There are no mandatory prerequisites.
It is recommended to take the exam of Procedural and Logic Programming after taking the exam of Discrete Structure and Linear Algebra and before taking all the other exams except those of mathematics and physics. 
Learning Achievements (Dublin Descriptors) 
Knowledge and understanding The student will acquire the fundamental knowledge in the field of computer programming, especially for the procedural imperative programming paradigm exemplified through the ANSI C language and the logical declarative programming paradigm exemplified through the Prolog language, and will become familiar with the terminology for constant definitions, variable declarations, arithmeticallogical expressions, programming statements, functions, predicates, parameters, libraries, and data types. Moreover, the student will know a methodology for developing smallsize software systems, as well as the technique of Hoare triples for verifying their correctness. Finally, the student will learn the syntactical, semantical, algebraic, and deductive concepts underpinning propositional logic and predicate logic that are necessary for logic programming.
Applying knowledge and understanding The student will be able to design and develop smallsize software systems by means of the application of a methodology that covers problem analysis, algorithm design, and program implementation, testing, verification, and maintenance. As far as the implementation phase is concerned, the student will know to carry it out through both a procedural imperative programming language and a logical declarative programming language.
Making judgements The student will be able to evaluate and compare alternative designs of the same smallsize software system, as well as to analyze and contrast alternative implementations of the same software design.
Communication skills The student will be able to appropriately use the terminology of procedural imperative programming languages and of logical declarative programming languages. Furthermore, the student will know to illustrate the main characteristics of the design and the implementation of a smallsize software system, including the production of the software system documentation in terms of technical report, internal comments, and user manual.
Learning skills The student will acquire the capacity of learning the syntactical and semantical features of any procedural imperative programming language and of any logical declarative programming language.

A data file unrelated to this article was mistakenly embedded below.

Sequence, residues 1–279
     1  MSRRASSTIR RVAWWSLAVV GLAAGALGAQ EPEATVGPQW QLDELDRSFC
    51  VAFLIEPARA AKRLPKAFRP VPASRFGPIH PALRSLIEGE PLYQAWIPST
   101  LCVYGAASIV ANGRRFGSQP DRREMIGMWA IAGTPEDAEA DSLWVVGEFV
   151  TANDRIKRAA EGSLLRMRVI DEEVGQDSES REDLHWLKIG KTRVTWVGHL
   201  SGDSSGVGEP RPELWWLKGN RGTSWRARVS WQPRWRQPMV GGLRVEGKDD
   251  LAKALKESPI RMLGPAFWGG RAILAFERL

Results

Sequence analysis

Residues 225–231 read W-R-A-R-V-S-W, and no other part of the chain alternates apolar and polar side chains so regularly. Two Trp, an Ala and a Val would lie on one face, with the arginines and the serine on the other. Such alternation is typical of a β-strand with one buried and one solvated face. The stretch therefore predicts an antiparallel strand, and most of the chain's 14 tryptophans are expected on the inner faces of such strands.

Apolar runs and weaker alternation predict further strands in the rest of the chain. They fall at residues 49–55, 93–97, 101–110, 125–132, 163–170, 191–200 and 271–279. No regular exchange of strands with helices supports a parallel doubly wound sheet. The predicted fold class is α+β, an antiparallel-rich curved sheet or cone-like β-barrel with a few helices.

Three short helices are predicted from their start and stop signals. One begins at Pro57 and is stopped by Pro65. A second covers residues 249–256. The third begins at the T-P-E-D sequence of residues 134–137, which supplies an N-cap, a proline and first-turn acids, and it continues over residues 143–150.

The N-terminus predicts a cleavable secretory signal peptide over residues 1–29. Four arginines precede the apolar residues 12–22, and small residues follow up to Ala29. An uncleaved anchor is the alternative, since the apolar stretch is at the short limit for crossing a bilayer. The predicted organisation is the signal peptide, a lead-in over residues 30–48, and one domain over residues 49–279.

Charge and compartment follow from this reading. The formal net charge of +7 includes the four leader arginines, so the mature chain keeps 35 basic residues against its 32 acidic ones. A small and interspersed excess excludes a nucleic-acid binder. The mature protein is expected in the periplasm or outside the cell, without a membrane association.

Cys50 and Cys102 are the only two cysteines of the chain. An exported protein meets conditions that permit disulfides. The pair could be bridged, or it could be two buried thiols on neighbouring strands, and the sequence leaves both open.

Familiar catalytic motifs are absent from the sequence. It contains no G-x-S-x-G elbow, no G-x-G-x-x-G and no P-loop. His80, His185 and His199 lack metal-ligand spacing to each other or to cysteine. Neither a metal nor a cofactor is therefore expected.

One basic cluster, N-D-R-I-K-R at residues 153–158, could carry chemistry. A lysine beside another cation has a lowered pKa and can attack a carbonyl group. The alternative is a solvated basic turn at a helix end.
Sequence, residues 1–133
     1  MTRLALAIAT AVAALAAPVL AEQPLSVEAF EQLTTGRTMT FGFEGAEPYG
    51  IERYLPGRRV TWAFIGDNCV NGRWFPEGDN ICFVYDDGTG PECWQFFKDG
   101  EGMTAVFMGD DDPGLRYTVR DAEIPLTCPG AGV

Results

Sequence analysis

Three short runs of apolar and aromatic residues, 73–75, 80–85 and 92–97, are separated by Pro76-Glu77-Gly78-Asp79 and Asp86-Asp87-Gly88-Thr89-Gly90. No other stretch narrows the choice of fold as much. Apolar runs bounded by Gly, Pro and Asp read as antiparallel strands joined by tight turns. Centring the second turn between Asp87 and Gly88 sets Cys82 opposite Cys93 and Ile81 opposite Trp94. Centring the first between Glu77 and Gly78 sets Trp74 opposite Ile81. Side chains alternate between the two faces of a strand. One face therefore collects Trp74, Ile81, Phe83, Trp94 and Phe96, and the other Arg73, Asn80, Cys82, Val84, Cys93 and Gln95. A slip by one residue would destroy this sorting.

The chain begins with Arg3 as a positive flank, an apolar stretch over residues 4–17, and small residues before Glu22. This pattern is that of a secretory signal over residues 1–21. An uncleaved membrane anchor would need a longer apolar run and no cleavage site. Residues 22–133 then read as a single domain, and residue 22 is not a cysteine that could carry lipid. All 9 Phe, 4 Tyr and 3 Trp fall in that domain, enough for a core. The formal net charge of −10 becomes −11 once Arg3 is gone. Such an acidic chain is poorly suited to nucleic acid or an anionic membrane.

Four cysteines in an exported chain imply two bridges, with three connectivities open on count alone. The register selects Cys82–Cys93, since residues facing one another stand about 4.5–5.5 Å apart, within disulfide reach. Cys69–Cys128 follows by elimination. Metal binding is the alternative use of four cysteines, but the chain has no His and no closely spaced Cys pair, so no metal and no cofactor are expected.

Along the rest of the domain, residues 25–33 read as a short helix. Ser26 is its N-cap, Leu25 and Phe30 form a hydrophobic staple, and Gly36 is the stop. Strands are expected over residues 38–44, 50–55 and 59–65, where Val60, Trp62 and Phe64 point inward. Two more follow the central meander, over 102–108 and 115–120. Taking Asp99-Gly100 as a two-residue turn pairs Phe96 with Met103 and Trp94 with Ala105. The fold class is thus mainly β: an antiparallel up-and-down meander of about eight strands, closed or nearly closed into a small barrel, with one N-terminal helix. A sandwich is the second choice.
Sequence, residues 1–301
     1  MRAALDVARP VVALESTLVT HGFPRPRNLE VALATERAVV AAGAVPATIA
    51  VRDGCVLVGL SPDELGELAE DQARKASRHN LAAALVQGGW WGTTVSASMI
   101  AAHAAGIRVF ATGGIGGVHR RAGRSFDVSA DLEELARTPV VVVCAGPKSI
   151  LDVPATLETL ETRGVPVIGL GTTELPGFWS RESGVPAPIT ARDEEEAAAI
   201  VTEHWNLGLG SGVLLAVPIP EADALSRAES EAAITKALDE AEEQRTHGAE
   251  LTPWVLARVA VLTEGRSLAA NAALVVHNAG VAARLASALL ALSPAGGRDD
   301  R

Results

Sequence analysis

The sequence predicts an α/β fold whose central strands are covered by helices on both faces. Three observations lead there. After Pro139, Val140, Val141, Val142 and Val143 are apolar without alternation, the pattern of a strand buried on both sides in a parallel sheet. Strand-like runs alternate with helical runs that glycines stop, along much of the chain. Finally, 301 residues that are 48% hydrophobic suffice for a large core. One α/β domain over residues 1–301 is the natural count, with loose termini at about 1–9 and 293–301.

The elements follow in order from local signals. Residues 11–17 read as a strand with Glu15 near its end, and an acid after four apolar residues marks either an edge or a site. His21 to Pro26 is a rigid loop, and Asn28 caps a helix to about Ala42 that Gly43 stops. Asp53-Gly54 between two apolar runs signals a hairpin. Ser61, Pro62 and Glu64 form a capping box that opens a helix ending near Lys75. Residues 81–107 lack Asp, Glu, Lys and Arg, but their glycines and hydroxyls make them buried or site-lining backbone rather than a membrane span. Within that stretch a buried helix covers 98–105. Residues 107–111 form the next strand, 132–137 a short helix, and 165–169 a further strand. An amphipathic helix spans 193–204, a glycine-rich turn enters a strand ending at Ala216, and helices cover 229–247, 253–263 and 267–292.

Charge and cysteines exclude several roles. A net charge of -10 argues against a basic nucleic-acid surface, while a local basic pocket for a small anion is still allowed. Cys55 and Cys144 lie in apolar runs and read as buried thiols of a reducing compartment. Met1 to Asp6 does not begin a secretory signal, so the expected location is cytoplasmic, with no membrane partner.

Didactics, Attendance, Course Books and Assessment 
Didactics

Theory lectures and laboratory exercises. 
Attendance

Although strongly recommended, course attendance is not mandatory. 
Course Books

Hanly, Koffman, "Problem Solving and Program Design in C", AddisonWesley, 2016 (Hanly, Koffman, "Problem Solving e Programmazione in C", Apogeo, 2013).
Kernighan, Ritchie, "The C Programming Language", Prentice Hall, 1988 (Kernighan, Ritchie, "Il Linguaggio C", Pearson/Prentice Hall, 2004).
Asperti, Ciabattoni, "Logica a Informatica", McGrawHill, 1997 (Schöning, "Logic for Computer Scientists", Birkhäuser, 2008).
Console, Lamma, Mello, Milano, "Programmazione Logica e Prolog", UTET, 1997 (Sterling, Shapiro, "The Art of Prolog", MIT Press, 1997). 
Assessment

Project, written exam, and oral exam.
The project, which changes at each exam session, has to be submitted at least 10 days before the written exam. It is passed if the mark is at least 18/30; the mark is valid until the second exam session after the one in which the project is submitted. In case of late submission, a 3/30 penalty is applied for each day after the deadline. Should the project be resubmitted in a subsequent exam call, the mark of the previously submitted project is canceled; if the resubmission takes place in the same exam session, a 5/30 penalty is applied to the mark of the newly submitted project because the developers can benefit from the correction of the previously submitted project.
The written exam, which changes at each exam call and can be taken only if the project has been passed, consists of 9 questions plus 2 exercises to carry out in 90 minutes. It is passed if the mark is at least 18/30; the mark is valid only for the exam call in which the written exam is taken.
The oral exam, which can be taken only if the project and the written exam have been passed, consists of a discussion of the project and of the written exam, plus further questions. If passed, it determines an adjustment between 5/30 and 5/30 of the average of the two previous marks, thus yielding the final mark.
For further information about projects and written exams > www.sti.uniurb.it/bernardo/teaching/prog_proc_logi/ 
Note 
The course offers additional elearning facilities on the Moodle platform > elearning.uniurb.it